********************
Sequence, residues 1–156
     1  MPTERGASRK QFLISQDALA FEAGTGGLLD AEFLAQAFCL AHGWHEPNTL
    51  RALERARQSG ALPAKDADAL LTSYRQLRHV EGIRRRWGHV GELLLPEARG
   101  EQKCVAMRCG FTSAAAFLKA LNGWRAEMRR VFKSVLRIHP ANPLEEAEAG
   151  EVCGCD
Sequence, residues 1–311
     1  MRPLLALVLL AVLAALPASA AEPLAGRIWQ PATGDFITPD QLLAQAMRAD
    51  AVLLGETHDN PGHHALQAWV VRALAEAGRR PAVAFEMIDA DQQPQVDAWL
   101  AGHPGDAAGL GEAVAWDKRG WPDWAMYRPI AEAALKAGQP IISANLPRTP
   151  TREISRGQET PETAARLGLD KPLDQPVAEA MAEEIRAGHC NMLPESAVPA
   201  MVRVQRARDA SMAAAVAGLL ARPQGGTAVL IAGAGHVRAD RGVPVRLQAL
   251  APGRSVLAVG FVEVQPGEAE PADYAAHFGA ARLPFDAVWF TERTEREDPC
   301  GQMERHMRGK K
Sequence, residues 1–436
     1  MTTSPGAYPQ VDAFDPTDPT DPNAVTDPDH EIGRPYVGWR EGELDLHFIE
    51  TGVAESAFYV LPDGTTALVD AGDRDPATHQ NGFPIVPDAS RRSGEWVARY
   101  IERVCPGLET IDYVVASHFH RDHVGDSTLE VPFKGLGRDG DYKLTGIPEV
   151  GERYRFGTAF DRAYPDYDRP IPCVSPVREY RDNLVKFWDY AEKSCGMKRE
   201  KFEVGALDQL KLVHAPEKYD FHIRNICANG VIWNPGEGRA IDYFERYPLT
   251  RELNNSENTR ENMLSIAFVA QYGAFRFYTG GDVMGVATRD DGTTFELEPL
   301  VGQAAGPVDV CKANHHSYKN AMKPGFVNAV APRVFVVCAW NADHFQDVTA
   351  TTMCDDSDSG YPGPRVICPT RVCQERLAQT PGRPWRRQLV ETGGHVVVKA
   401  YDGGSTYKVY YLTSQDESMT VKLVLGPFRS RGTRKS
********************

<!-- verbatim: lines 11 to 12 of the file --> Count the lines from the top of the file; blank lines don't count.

   201  MVRVQRARDA SMAAAVAGLL ARPQGGTAVL IAGAGHVRAD RGVPVRLQAL
   251  APGRSVLAVG FVEVQPGEAE PADYAAHFGA ARLPFDAVWF TERTEREDPC